December 30, 2014 7:03 PM   Subscribe

The Partisan Review, a critical magazine founded by William Phillips and Philip Rahv (and Kenneth Fearing) and originally created as an arm of the American Communist Party was 'more a literary event than a literary magazine,' that lost its purpose after perestroika: The Death of a Literary Magazine. But even in death, the archives are not 'down the memory hole', but rather digitized and available online.

Some highlights and direct links.

The Real and the Ideal: Reflections on Partisan Review
Boston University, which published Partisan Review for the last quarter-century of that celebrated magazine’s sixty-nine-year history, has just put the entire archive online. It is a miniature history of 20th-century American intellectual life. It sometimes seems like half the century’s memorable essays about literature or politics, and especially the “bloody crossroads” (Lionel Trilling’s phrase) where the two meet, first appeared in those pages.
There’s a reason why a lot of modern culture was produced by people living on a shoestring, from the New York intellectuals to all those poets and painters starving in their fabled garrets. It’s time-consuming to do something original; it requires bad manners, or at least a lack of automatic deference for received wisdom; and it helps to have an abundance of low-paid but undemanding jobs around–mailman, night watchman, librarian, clerical worker–that one can drift in and out of, as well as a few cheap urban neighborhoods where like-minded artistic riff-raff can congregate. (Russell Jacoby’s description, in The Last Intellectuals, of the ecology of the freelance intellectual has never been bettered.)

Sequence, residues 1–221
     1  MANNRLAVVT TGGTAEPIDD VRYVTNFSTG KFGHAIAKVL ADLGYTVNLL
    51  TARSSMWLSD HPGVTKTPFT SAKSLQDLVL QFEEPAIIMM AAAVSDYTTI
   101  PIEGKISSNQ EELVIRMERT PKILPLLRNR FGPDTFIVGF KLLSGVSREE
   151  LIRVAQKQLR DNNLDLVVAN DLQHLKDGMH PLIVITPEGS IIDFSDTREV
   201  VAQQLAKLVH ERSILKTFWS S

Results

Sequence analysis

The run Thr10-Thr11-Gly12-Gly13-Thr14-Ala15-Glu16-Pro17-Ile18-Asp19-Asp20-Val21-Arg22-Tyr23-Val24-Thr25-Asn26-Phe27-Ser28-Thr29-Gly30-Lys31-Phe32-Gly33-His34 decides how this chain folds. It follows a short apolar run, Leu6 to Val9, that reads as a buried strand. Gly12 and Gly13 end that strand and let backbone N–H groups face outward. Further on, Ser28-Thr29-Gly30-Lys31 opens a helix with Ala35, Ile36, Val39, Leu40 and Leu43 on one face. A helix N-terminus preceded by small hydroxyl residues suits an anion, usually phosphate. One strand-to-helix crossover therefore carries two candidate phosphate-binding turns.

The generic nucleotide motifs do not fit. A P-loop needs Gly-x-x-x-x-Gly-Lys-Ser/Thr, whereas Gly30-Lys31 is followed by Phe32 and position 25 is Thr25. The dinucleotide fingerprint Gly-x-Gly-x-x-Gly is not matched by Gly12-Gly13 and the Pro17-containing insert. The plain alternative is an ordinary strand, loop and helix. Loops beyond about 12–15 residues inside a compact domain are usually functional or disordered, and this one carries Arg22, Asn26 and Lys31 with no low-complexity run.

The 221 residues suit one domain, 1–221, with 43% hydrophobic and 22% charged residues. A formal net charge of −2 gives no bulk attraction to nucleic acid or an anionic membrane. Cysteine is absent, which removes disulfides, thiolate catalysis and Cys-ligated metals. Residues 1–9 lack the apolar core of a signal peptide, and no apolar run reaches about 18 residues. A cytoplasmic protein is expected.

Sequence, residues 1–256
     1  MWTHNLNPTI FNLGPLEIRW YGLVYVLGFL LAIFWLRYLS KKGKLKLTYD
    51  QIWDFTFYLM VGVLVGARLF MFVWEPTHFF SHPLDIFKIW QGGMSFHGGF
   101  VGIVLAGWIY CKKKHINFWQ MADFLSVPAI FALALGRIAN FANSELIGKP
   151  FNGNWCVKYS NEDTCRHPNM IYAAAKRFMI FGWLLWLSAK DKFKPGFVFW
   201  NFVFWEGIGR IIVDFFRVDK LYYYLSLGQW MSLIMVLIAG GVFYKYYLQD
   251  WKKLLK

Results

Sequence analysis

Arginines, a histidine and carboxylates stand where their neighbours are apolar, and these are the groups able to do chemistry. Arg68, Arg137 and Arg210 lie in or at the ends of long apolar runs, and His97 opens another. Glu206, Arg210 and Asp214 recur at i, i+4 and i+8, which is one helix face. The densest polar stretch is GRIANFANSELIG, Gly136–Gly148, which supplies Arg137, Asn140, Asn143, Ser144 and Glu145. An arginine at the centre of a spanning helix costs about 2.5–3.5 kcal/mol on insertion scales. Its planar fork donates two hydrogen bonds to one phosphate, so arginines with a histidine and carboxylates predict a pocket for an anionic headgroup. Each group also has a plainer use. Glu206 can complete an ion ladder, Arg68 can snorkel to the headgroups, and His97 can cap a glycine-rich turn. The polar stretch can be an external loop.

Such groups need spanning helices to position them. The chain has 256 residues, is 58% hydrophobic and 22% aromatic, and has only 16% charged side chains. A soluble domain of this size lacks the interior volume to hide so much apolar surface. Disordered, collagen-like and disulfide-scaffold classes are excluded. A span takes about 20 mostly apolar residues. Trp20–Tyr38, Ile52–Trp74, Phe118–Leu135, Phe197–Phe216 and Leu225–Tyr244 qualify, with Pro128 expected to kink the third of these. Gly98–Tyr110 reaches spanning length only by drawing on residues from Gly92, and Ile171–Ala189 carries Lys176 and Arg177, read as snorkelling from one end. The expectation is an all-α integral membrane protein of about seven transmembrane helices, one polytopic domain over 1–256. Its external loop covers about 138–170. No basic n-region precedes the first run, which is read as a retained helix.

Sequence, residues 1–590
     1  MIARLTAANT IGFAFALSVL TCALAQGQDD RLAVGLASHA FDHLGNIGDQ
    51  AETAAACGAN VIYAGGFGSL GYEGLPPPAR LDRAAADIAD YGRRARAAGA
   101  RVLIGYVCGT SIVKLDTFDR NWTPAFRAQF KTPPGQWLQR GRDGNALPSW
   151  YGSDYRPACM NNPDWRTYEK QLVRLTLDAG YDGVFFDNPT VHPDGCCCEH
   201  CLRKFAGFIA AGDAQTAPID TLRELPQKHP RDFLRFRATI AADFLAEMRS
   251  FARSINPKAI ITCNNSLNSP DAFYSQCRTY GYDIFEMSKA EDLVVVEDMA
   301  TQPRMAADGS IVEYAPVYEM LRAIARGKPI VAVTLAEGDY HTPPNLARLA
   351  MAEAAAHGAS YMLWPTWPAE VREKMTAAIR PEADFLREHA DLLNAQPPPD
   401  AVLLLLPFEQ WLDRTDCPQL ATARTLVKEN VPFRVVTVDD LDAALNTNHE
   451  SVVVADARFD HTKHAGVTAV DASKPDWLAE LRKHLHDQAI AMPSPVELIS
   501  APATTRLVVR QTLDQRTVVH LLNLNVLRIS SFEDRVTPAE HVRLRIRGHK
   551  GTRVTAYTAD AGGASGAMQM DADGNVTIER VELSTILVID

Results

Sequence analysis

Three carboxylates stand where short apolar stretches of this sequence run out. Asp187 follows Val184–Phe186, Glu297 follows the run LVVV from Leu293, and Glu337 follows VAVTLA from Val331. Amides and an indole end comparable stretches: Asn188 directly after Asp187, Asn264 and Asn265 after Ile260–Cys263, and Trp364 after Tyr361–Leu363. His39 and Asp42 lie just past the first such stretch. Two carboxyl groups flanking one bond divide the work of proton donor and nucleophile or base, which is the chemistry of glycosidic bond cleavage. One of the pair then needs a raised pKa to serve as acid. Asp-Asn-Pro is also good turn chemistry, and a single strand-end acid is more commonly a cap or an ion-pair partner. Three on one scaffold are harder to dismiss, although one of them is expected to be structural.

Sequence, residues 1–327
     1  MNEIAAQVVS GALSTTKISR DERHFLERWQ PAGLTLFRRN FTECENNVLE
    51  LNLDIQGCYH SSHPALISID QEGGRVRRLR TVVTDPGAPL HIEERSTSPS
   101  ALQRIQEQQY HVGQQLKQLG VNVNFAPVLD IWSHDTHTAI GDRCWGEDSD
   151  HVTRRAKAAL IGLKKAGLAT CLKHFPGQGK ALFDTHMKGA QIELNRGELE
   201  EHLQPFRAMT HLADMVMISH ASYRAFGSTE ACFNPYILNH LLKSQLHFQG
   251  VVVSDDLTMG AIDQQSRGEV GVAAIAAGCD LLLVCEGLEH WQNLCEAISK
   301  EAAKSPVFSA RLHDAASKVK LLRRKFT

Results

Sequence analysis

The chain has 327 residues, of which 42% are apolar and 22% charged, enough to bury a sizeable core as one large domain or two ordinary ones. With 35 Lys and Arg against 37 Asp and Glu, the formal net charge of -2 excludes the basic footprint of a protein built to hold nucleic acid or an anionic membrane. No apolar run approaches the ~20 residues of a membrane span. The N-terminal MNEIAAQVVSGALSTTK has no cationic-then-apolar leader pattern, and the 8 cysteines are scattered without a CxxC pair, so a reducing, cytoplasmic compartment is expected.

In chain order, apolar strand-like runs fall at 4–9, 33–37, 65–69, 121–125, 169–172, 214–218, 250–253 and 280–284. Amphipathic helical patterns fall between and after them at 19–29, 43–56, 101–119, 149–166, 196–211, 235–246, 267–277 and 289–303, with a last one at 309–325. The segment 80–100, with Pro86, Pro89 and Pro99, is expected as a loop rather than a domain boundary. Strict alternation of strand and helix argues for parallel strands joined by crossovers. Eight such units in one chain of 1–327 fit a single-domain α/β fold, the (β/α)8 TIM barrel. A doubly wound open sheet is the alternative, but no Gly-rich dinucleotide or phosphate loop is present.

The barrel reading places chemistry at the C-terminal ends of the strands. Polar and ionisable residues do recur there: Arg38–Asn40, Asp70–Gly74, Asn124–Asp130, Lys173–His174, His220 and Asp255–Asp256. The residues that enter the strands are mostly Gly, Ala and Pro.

8 Other Great Online Magazine Archives
Defunct American literary magazines
posted by the man of twists and turns (3 comments total) 15 users marked this as a favorite
Sponsored by the CIA.
posted by MartinWisse at 1:32 AM on December 31, 2014 [1 favorite]

best use of CIA funding ever. When the intelligence services took the trouble to appear intelligent.
posted by homerica at 2:15 AM on December 31, 2014 [1 favorite]

This is awesome. I just wish I could read it on my kindle.
posted by Ray Walston, Luck Dragon at 2:20 AM on December 31, 2014

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